Poems from four poets in love with the world, the Poets Laureate of Santa Clara County: Nils Peterson (Santa Clara County, 2009-2011),Sally Ashton (Santa Clara County, 2011-2013), David Perez (Santa Clara County, 2014-2016), and Arlene Biala (Santa Clara County, 2016-2018).
A Tenderness Toward Existence
Galway Kinnell said all good writing has a certain quality in common, “a tenderness toward existence.” Coleman Barks adds, “[Poets] will never finish noticing what is going on.”
Isn’t the great malady of our age the communal loss of this feeling of “tenderness towards existence?” We’ve lost tenderness because we’ve forgotten how to see. We do not see because we do not have to. Well, the farmer on his own land must see, and the fire watcher in the forest, and the entomologist, and on and on . . . and the poet.
Wendell Berry said “people exploit what they have merely concluded to be of value, but they defend what they love, and to defend what we love we need a particularising language, for we love what we particularly know.” Here is a quotation from the British naturalist, Robert Macfarlane that shows how difficult this has become. Even the dictionary makers are against us:
Oxford University Press revealed a list of the entries it no longer felt to be relevant to a modern-day childhood [in the Oxford Junior Dictionary]. The deletions included acorn, adder, ash, beech, bluebell, buttercup, catkin, conker, cowslip, cygnet, dandelion, fern, hazel, heather, heron, ivy, kingfisher, lark, mistletoe, nectar, newt, otter, pasture and willow. The words taking their places in the new edition included attachment, block-graph, blog, broadband, bullet-point, celebrity, chatroom, committee, cut-and-paste, MP3 player and voice-mail.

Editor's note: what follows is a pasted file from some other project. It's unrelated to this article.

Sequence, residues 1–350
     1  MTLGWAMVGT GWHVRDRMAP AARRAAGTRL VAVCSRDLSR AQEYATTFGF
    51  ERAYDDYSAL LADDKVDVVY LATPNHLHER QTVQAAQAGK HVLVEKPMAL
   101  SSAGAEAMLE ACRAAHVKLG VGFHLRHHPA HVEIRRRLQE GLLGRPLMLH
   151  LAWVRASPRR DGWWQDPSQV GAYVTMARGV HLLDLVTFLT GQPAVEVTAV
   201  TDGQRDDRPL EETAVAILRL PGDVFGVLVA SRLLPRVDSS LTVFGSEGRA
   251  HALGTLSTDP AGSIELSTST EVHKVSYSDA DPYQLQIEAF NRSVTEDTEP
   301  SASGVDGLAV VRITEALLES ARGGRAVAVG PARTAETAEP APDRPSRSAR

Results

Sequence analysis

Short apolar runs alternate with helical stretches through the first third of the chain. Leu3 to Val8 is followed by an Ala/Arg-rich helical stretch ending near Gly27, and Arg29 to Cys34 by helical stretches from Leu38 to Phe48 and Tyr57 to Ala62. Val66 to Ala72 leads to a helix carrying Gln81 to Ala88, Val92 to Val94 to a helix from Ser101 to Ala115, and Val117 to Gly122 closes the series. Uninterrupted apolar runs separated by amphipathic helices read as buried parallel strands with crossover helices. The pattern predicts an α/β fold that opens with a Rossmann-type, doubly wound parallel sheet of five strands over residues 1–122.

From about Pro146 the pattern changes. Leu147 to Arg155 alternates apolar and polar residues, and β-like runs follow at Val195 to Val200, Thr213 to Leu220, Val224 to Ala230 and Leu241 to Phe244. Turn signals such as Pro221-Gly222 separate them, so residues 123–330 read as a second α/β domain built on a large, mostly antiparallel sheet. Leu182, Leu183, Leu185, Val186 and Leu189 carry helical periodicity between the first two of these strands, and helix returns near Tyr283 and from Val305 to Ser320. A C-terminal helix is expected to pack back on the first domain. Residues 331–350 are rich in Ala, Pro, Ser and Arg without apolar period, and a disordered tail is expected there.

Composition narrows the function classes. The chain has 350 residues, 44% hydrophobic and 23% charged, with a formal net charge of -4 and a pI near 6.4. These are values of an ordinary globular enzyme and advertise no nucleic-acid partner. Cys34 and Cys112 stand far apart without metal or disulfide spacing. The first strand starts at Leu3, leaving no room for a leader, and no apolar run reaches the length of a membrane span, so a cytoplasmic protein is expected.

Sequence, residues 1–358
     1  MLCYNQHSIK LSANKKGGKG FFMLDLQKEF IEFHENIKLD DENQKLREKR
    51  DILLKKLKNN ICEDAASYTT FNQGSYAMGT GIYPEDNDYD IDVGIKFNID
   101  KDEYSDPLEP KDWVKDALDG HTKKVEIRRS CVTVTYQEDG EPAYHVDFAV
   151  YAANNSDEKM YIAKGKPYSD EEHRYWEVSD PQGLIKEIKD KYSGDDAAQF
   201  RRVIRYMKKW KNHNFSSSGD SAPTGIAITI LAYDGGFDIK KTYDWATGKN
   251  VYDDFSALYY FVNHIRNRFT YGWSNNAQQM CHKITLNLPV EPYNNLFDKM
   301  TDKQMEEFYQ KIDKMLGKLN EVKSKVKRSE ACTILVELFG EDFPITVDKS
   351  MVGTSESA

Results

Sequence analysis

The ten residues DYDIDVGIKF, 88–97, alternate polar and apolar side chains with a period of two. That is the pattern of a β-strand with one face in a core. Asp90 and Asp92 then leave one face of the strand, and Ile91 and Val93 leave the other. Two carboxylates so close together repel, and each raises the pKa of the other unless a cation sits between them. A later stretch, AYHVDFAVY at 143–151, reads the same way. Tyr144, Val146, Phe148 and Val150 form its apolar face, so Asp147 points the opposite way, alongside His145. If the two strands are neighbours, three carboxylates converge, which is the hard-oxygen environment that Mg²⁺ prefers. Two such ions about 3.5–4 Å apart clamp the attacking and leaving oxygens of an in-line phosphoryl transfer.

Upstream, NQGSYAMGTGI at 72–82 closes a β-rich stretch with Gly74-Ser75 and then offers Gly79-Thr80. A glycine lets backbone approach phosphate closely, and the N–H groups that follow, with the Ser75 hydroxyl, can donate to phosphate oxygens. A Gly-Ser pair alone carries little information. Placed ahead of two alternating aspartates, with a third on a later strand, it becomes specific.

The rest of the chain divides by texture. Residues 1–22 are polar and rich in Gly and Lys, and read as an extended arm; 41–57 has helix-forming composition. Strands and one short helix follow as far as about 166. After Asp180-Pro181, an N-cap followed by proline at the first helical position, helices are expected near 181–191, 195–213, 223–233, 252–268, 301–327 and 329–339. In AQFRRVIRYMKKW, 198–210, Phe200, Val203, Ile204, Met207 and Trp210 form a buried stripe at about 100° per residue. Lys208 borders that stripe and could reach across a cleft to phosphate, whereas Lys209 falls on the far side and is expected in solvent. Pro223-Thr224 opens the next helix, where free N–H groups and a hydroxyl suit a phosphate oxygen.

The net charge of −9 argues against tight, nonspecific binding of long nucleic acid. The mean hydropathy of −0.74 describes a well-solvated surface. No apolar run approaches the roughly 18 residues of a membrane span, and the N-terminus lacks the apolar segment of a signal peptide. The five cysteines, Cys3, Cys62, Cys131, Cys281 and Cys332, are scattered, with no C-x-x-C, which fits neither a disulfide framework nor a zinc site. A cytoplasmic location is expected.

What the Oxford University Press has done is replace words from the world of nature with words from the technological construct we are building. Is it not the job of the poet to hold on to, bring back, invent again the language of seeing? Why? So we can fall in love with the world, or fall in love with the world again, or remember how it was to be in love with it.